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Resins shape future for composites

News International-French

22 Sep 2016

Deakin's new composite materials professor says improved resins will define the next generation of carbon composites.

Lighter, stronger, self-healing and morphing properties are but some of the features of composite materials that will appear in the coming decades.

According to Deakin’s new Professor of Composite Materials, Russell Varley, the only thing holding back such applications is the performance and functionality of today’s resins.

Professor Varley has joined Deakin from CSIRO’s Clayton facility where he spent 26 years honing his polymer chemistry expertise. He has collaborated with companies such as Boeing and Petronas, and with world class polymer experts like Prof Jeff Wiggins from the University of Southern Mississippi and Prof Frank Jones from the University of Sheffield.At Deakin, Professor Varley will lead 25 research scientists at the state-of-the-art Carbon Nexus research facility, established in 2014. The team focus is on improving carbon fibre and composite manufacturing through engineering, polymer science and resin chemistry, to engage and support the development of advanced composite manufacturing in Australia and overseas.

“I am thrilled to be here,” said Professor Varley. “Carbon Nexus is a unique research facility – an icon, which is able to produce high performance, low cost carbon fibre.

“Our group is at the forefront of advanced composite manufacturing research in Australia, seeking to create the next generation of composite materials with local industries, through to global companies like Boeing and Quickstep.

“Composite materials are a strategic priority at Deakin and with our co-located partners such as Quickstep and Carbon Revolution – more than any other site in Australia – and the CSIRO/Deakin future fibre research facility (AFFRIC), we have a fantastic opportunity to make a global impact with our research.”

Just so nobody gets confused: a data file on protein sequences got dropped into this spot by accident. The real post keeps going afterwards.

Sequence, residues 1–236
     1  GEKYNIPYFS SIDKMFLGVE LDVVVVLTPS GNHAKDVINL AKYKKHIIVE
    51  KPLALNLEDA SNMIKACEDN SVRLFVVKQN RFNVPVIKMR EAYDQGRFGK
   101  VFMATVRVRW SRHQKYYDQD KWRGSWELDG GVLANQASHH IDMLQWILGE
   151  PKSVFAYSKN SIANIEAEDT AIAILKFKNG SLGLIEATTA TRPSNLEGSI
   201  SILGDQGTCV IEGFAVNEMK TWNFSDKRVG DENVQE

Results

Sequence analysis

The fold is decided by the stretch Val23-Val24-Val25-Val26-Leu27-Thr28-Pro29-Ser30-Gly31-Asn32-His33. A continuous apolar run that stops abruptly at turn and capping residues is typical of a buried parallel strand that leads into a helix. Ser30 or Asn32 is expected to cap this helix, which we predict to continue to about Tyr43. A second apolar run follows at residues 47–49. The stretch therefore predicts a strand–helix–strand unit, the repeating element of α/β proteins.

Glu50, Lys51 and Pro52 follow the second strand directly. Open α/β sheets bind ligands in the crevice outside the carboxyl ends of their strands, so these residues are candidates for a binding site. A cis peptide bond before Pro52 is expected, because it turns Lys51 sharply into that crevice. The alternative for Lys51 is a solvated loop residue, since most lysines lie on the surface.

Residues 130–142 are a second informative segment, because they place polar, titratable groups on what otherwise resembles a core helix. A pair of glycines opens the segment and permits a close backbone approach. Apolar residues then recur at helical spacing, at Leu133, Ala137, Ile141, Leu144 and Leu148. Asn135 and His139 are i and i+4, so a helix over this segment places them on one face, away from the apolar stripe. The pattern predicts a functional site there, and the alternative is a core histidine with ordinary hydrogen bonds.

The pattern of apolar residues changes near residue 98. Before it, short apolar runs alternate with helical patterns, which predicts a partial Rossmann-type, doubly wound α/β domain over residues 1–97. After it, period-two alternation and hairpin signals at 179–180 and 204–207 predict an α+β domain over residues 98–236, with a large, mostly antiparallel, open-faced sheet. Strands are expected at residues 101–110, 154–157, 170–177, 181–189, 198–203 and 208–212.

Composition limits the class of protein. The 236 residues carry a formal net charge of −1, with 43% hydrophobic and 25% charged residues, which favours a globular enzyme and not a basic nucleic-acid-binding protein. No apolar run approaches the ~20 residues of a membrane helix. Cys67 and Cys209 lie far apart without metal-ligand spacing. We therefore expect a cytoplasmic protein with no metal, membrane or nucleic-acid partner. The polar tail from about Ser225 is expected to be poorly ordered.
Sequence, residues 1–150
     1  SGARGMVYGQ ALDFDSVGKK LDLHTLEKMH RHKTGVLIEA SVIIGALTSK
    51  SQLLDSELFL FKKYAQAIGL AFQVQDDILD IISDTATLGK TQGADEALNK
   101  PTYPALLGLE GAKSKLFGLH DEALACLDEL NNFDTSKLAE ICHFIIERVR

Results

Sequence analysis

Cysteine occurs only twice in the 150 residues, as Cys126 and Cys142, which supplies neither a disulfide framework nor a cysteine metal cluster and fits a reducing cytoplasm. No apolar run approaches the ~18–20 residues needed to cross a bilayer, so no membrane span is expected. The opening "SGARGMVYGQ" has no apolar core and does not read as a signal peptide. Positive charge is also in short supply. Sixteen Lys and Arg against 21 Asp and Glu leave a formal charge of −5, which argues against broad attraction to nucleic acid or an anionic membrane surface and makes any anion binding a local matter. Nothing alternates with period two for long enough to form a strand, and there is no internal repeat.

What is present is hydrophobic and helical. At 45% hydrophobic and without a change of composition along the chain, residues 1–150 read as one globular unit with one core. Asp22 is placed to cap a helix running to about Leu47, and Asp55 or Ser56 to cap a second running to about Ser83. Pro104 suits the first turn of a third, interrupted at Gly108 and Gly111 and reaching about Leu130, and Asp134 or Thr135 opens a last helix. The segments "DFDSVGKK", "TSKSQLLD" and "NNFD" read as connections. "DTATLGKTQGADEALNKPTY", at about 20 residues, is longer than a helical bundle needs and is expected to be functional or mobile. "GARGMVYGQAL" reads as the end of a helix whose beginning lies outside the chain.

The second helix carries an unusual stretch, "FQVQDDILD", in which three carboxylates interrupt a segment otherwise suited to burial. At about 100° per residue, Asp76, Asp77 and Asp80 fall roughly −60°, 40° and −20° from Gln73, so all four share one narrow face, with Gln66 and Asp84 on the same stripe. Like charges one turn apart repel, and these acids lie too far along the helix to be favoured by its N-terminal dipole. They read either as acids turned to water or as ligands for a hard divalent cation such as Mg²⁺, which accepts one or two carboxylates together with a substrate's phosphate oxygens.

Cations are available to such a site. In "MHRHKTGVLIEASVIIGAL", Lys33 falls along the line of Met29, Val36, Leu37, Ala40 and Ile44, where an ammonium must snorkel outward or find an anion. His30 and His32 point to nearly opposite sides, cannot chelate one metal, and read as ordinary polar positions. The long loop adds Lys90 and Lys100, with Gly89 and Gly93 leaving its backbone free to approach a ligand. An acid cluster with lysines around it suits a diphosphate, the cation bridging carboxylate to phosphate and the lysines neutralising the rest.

Professor Varley is unapologetically passionate about polymers and resin chemistry.

“It is the real reason why carbon fibre is great,” he said.

“Carbon fibre provides the outstanding strength/weight ratio, but the resin binds the fibres together, allowing the fibre to fulfil its promise. When carbon fibre composites fail, it is usually because the resin has failed, thus providing the research challenge.”

Carbon fibre consists of polyacrylonitrile (PAN) precursor that is transformed into nearly pure carbon through extreme heat and then combined with synthetic resins to produce carbon fibre and carbon fibre composites. It is just 20 per cent the mass of steel, but equally strong and stiff.

Professor Varley predicts that resins will be increasingly tailored for specific applications, as technical understanding grows and properties are improved. The pace of adoption will build across many industries like aerospace, automotive, energy and construction.

“As a showcase example, around 50 per cent of Boeing’s Dreamliner 787 is made from carbon fibre composites, providing safety, light weight / fuel efficiency and design flexibility,” he explained. “These characteristics will drive new ideas and applications in many industries.”

In terms of the current scientific challenges, researchers still need to know that composites have the durability to perform over time and can withstand the long-term effects of extreme environments, particularly for the infrastructure, automotive and aerospace industries.

“The vast majority of composites are made with epoxy resins. They stick really well, but if you try to peel them off, they can smash like glass because they are brittle. We are trying to find an optimised formulation,” he said.

“The future for carbon fibre composites will be their multi-functional performance. Looking ahead, the lighter, stronger, faster mantra will not be enough, as additional performance criteria such as fire resistance, self-healing, conductivity and morphing capabilities will be increasingly in demand. These are the challenges that we are here to solve.”